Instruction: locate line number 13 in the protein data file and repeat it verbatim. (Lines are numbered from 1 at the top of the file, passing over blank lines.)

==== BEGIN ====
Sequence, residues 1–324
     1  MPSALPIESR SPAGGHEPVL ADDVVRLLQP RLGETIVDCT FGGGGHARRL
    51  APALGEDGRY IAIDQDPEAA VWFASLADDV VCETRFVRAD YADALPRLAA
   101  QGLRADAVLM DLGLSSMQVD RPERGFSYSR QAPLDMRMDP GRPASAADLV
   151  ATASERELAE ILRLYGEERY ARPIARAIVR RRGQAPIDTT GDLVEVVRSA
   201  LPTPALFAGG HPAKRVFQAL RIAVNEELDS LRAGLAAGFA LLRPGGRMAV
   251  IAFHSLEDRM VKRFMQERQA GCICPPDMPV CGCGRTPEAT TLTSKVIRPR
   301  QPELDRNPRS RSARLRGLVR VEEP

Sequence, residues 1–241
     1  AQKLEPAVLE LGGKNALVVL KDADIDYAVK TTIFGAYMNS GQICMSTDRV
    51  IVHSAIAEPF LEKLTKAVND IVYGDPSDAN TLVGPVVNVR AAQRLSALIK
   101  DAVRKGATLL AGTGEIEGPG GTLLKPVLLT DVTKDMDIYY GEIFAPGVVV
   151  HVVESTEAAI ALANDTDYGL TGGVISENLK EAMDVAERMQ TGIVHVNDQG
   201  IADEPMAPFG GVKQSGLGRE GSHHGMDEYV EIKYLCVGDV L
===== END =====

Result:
   151  HVVESTEAAI ALANDTDYGL TGGVISENLK EAMDVAERMQ TGIVHVNDQG